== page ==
June 1 was a red-letter day for more than 50,000 New Hampshire residents who get their medical coverage from the expanded Medicaid program, known as Granite Advantage Health Care.

State House Dome

That’s when a new work or community engagement program kicked in, requiring anyone covered by Medicaid through Granite Advantage to complete 100 hours of work or approved community activities each month to maintain medical coverage, unless they are exempt due to medical frailty or other circumstances listed in the law.

Republicans reluctantly agreed to the Granite Advantage program last year, under the condition that a work requirement be instituted for able-bodied adults up to age 64 in the program, and Democrats went along.

With Democrats in the majority this year, they are working to basically revoke the work requirement by amending it through a bill, SB 290, that among other things would terminate the requirement if more than 500 people lose coverage.

The House is scheduled to take its final vote Wednesday on the Senate bill. After that it heads to the desk of Gov. Chris Sununu, a strong supporter of the work program who is likely to veto the bill.

The fate of the work requirement is more likely to be determined in the federal courts, where the same judge who rejected Medicaid work requirements in Arkansas and Kentucky is hearing arguments in the New Hampshire case.

U.S. District Court Judge James Boasberg ruled in late March that the Arkansas and Kentucky work requirement programs hurt Medicaid’s basic purpose of providing health coverage to low-income households.

Thousands of people in both states lost coverage, according to critics of the plans, because they either could not fulfill the requirements despite good-faith efforts, or they could not complete the complicated paperwork to verify their compliance.

Republicans say they are willing to address that problem if and when it occurs, but for now there is no problem.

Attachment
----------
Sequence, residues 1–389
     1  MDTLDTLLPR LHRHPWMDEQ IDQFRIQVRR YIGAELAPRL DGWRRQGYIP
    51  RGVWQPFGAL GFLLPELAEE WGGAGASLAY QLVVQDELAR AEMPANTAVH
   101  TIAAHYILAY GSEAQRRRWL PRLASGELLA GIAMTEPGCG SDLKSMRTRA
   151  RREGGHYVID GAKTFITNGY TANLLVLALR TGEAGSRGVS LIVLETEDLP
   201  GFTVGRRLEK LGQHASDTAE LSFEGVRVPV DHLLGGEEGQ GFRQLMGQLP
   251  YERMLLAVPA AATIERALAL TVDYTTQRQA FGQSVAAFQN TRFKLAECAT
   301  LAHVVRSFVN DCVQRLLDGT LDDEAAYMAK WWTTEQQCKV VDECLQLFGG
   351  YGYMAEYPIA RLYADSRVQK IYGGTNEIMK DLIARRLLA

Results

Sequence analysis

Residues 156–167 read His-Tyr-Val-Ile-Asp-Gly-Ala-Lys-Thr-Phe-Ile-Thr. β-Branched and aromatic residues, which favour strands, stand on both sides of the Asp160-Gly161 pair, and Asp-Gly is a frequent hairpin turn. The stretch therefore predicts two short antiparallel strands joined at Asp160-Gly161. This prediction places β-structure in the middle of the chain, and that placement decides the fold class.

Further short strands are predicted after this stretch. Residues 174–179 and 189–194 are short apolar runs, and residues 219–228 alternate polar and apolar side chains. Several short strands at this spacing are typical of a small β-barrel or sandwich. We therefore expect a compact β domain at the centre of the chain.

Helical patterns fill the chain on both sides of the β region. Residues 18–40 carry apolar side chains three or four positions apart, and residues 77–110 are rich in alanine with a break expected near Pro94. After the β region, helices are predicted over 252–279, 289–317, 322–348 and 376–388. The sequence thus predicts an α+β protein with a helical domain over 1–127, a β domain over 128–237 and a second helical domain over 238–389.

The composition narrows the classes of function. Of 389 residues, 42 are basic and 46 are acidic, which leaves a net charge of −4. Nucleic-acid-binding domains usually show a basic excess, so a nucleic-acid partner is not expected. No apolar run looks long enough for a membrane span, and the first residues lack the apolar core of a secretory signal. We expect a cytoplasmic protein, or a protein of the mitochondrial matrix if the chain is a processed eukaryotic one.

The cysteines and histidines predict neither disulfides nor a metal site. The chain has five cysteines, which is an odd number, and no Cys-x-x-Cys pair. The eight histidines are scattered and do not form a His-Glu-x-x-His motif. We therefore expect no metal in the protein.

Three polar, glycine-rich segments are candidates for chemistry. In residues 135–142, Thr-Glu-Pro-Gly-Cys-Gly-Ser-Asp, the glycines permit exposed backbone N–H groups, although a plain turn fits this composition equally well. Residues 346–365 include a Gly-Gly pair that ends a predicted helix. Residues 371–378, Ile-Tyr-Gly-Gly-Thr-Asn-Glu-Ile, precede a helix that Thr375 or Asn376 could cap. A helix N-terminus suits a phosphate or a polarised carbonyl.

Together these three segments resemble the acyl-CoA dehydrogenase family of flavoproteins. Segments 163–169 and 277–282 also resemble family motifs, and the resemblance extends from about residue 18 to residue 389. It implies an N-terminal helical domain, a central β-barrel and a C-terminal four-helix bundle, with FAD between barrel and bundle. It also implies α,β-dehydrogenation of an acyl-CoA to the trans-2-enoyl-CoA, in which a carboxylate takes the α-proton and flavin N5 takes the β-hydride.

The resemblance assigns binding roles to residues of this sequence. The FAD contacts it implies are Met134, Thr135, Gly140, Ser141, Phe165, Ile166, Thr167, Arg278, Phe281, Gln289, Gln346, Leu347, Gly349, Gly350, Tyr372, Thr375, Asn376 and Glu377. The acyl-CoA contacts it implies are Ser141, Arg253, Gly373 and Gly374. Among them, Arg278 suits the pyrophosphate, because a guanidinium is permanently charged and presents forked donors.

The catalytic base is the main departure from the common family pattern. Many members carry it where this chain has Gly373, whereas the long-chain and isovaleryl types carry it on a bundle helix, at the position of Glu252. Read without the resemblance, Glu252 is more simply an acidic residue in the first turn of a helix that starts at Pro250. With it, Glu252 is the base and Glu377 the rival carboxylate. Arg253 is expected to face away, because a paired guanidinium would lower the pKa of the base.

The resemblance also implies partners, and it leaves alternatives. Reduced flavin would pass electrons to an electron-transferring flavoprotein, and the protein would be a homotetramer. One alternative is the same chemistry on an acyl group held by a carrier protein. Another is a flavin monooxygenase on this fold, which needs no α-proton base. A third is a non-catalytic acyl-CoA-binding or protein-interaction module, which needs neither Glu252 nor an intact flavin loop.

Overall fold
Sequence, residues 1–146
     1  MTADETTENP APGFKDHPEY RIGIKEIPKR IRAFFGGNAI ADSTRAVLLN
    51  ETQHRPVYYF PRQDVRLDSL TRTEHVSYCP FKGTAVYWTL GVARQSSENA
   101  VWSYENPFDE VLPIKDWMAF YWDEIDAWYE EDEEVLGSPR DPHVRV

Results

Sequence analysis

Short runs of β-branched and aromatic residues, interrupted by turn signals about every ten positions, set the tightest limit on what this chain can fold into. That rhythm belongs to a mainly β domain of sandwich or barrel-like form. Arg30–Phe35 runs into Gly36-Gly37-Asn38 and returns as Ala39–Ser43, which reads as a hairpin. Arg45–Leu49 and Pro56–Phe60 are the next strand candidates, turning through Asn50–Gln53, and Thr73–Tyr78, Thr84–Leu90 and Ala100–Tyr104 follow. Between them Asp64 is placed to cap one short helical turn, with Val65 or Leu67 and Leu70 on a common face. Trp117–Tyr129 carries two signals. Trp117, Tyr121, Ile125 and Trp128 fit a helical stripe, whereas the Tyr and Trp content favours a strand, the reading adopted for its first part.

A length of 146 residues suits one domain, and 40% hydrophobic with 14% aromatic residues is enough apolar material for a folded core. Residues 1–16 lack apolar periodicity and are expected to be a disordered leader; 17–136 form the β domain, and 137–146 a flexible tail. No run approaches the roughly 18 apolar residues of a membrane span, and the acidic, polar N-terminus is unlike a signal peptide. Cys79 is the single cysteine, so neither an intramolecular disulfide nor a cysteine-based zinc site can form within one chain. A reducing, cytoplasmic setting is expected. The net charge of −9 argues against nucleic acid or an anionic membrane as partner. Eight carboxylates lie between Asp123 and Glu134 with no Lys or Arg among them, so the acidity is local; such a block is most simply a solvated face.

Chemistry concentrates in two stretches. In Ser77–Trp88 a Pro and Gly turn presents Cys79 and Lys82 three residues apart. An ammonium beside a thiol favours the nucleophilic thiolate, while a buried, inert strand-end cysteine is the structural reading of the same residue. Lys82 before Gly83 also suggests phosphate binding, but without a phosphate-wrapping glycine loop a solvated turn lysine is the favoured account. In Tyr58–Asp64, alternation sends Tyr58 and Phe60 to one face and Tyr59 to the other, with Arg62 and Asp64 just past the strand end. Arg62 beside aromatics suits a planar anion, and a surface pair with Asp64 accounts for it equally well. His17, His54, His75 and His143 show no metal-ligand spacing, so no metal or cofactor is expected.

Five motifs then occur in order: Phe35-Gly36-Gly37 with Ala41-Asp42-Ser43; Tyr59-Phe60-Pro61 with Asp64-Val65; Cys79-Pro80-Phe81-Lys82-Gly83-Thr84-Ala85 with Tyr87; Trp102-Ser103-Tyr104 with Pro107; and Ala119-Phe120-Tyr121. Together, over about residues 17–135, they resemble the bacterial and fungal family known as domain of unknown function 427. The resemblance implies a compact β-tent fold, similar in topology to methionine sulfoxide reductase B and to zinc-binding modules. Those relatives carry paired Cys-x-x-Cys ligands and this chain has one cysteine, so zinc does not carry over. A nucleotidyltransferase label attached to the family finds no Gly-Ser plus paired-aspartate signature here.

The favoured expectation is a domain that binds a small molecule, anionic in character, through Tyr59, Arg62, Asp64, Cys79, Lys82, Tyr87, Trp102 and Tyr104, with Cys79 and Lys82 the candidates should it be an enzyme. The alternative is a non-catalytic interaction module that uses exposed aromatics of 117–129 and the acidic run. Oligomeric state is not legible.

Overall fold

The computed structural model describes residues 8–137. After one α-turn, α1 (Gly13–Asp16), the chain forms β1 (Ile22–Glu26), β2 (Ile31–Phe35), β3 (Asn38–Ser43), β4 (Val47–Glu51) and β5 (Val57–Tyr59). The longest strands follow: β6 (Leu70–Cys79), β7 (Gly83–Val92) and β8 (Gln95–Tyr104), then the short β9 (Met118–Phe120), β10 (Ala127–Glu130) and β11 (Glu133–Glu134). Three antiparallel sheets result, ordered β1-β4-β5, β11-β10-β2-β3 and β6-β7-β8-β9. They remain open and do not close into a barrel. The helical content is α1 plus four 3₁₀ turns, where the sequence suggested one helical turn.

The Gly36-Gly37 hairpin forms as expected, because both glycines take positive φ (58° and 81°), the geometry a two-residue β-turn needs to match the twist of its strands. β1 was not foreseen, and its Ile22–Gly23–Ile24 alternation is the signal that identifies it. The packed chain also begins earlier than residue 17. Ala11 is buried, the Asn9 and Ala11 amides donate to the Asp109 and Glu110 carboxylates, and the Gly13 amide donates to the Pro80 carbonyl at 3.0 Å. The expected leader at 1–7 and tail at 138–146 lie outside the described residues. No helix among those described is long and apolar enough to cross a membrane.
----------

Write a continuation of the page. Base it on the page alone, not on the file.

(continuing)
While SB 290 works its way to the governor’s desk and a likely veto, and the court challenge continues in Washington, D.C., officials at the Department of Health and Human Services have notified Granite Advantage members, identified as “mandatory participants” that they need to get to work.

The warning in letters that went out on May 8 make clear that “If you do not meet the 100 monthly hour requirement and you are not exempt, your Medicaid eligibility could be suspended.”

Those receiving the letters have a July 7 deadline to report June hours. That’s also when the appeals or “curing” process begins for anyone who did not meet 100 hours or get an exemption.

It will be some time in August before people start to receive loss-of-coverage notices.

Meanwhile, another intervener has jumped into the federal lawsuit on the side of plaintiffs like New Hampshire Legal Assistance.

The amicus brief filed on May 23 by a group of public health professors at George Washington University calls New Hampshire’s Medicaid work experiment “arbitrary, capricious, an abuse of discretion and contrary to law.”

“Like the others, New Hampshire’s (work requirement) threatens coverage for thousands of poor people. Its lack of any reasonable basis is especially striking in New Hampshire, whose unemployment rate, even among older workers, is virtually nonexistent,” said Sara Rosenbaum, one of the health policy scholars represented by the brief.

“Like Arkansas and Kentucky, the New Hampshire program lacks the requisite elements of sound social policy research; the Trump administration has unlawfully deployed experimental authority simply to strip the poor of health insurance.”

Washington University public health researchers estimate that between 15,000 and 23,000 New Hampshire Medicaid recipients will lose coverage in the first year alone.

“New Hampshire’s proposed work requirements are the harshest to date,” according to the brief.“In a state with one of the nation’s lowest unemployment rates and an economy with a large number of seasonal and part-time jobs, officials nonetheless require at least 25 hours per week of work, with a limited opportunity to make up for any hourly deficits before coverage ends.”

Whether the program will survive long enough to see people actually lose coverage in August remains to be seen, but the switch has been flipped.